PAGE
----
A Continuous Glucose Monitor, or CGM, is a wearable device that can help track glucose (blood sugar) levels. How does a glucose monitor work, and who should use one?
Continuous glucose monitoring has been a hallmark of the diabetes community as it enables those with Type I or Type II Diabetes to track their blood sugar continuously. In this way, a continuous glucose monitor can be a life-saving device.
But today, CGMs are being used by Americans with and without diabetes to track blood sugar—a practice that can help prevent various diseases and health effects. These devices are relatively new. The FDA first approved a CGM for professional use in 1999 and first approved a personal CGM in 2018. New and improved systems for continuous glucose monitoring are coming out every year, so let’s explore how this technology works, how it might benefit you, and what the best glucose monitor devices are.
How does a continuous glucose monitor work?
A continuous glucose monitor works by inserting a small sensor into the upper arm or abdomen. Depending on the glucose monitoring device, the sensor is inserted surgically or simply by attaching a patch. Once inserted, the sensor can read glucose levels in the interstitial fluid. Interstitial fluid is the fluid that sits between the skin and blood vessels. Glucose seeps from the blood vessels into this fluid, which is how a continuous glucose monitor works to deliver a reading of blood glucose levels.
The beauty of a wearable glucose monitor is that it can track blood sugar in real time. It can then send that data to a device or smartphone app that the user can view. For those with diabetes, a CGM can sometimes connect to an insulin pump that can read the data and deliver insulin when blood sugar levels are too high.
What is Glucose?
Let’s back up. What is glucose, and why is it important to track? Glucose is a molecule that our bodies need to function—it’s our primary source of energy. We get glucose mainly through the foods we eat. However, the body can also create glucose.
Glucose is often referred to as blood sugar. Chemically, glucose is sugar, but not quite like the sugar you use to bake—that sugar is a combination of glucose and fructose. It’s called blood sugar because it travels throughout the body via the blood to reach the muscles. The muscles can then use glucose as energy.
Glucose levels affect our mind and body in both the short and long term. In the short term, high blood sugar can send us on a “sugar high,” while low blood sugar can leave us feeling lethargic. In the long term, high blood sugar can have a more dramatic effect on our health. It can eventually lead to diabetes and other chronic diseases.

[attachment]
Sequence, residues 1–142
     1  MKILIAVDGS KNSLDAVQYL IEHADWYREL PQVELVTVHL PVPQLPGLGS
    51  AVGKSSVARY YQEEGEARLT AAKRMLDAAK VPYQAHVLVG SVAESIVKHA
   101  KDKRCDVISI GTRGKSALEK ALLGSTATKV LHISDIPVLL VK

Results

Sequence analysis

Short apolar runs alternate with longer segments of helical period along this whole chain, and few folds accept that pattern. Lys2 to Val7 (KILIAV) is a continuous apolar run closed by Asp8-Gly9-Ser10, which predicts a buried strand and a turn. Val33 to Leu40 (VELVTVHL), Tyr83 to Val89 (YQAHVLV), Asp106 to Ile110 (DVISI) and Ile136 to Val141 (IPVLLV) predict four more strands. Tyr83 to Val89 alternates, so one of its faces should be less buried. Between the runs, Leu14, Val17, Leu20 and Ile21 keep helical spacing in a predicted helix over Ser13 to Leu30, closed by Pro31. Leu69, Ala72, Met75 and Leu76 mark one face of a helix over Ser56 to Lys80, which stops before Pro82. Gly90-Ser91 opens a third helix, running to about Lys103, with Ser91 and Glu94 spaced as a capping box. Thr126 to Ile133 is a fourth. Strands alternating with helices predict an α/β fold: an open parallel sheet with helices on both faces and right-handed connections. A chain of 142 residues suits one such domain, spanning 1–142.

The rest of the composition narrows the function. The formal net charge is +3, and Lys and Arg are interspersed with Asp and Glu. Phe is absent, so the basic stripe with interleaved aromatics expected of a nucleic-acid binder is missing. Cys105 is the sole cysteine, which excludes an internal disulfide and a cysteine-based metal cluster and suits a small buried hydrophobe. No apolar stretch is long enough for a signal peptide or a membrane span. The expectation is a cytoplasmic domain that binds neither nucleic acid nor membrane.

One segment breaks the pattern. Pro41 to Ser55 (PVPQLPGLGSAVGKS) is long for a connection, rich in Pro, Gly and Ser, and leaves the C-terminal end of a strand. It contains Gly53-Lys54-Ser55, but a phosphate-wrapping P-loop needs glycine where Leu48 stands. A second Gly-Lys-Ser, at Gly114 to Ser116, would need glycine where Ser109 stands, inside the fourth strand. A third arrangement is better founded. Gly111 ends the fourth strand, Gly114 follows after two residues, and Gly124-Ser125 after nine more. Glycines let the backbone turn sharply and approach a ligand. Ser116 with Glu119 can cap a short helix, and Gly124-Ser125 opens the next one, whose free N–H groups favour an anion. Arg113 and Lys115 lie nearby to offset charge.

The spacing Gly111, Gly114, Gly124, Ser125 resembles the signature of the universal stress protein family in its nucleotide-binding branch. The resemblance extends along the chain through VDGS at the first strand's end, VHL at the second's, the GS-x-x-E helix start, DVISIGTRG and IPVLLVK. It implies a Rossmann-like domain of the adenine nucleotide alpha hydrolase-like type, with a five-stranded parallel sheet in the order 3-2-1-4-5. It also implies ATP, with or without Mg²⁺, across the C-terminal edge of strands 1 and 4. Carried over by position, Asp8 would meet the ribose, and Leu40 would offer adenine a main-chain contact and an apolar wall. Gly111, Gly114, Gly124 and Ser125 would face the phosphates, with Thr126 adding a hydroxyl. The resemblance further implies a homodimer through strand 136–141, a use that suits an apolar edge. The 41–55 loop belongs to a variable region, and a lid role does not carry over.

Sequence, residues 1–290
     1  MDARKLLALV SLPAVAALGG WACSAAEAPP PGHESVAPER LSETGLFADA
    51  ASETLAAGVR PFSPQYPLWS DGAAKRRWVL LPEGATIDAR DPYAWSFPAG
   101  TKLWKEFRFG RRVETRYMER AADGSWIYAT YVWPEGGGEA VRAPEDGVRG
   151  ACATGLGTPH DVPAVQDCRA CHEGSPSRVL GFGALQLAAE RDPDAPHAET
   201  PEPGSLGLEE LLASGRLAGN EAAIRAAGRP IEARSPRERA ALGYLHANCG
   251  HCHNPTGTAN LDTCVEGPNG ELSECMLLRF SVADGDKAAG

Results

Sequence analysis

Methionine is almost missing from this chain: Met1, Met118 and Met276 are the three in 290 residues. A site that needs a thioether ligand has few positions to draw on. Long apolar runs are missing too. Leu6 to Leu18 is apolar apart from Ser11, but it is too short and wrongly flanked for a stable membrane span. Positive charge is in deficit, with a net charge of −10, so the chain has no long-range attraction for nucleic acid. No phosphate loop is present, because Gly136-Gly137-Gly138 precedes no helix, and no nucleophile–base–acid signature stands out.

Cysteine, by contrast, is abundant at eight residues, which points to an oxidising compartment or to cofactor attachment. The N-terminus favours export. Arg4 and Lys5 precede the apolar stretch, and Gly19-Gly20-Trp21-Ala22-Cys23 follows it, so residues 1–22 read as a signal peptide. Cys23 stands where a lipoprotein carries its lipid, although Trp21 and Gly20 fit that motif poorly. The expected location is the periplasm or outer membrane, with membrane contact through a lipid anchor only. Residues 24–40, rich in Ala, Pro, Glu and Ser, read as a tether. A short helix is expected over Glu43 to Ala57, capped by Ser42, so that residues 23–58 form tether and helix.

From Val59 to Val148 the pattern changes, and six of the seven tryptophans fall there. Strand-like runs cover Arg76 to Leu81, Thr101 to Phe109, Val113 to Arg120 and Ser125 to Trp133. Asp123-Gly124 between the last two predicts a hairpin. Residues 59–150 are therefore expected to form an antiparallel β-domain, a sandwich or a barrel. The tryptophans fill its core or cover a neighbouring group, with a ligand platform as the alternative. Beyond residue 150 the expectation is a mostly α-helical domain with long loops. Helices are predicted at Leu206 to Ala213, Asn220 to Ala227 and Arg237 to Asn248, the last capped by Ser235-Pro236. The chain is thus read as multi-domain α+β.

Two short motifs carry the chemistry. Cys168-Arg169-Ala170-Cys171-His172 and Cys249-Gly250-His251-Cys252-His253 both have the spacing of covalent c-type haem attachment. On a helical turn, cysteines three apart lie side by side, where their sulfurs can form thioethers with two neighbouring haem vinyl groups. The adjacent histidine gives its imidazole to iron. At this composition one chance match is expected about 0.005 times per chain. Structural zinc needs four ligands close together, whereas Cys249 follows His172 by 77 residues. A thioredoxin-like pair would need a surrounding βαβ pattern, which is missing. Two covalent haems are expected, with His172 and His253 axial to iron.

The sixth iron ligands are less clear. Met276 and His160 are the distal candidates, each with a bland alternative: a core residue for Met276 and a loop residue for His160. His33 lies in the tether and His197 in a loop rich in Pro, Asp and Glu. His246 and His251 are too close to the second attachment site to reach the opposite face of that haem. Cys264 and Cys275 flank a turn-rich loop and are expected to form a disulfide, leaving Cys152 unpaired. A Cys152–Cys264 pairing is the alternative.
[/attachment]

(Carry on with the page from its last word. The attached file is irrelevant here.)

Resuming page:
Why is continuous glucose monitoring important?
Continuous glucose monitoring is vital for those who have diabetes and need to supplement their body with insulin to maintain stable glucose levels.
In this situation, monitoring glucose levels with a CGM can help notify those with diabetes when their blood sugar is too high or too low. This can help them avoid potentially life-threatening situations.
Continuous glucose monitoring can also help prevent diseases associated with high blood glucose levels, including heart disease, stroke, some cancers, and depression.
Who should use a CGM?
Anyone can benefit from using a CGM, but it is particularly useful for those with diabetes.
Monitoring blood sugar levels for individuals with Type I or Type II diabetes can be a matter of life or death. And wearing a CGM can make monitoring blood sugar easier. Additionally, CGMs can help decrease HbA1c (average blood glucose levels) and reduce hypoglycemia.
Given the extensive research on how elevated blood sugar can lead to long-term health consequences though, even those without diabetes may want to consider using a CGM. Wearing a glucose monitor patch is a simple way to track how everyday lifestyle choices affect blood sugar.
By monitoring how these choices affect glucose levels throughout the day, it’s possible to make better ones and regulate blood sugar. This can help prevent chronic disease and lower blood pressure and chances of depression.
How to check your blood sugar with a glucose monitor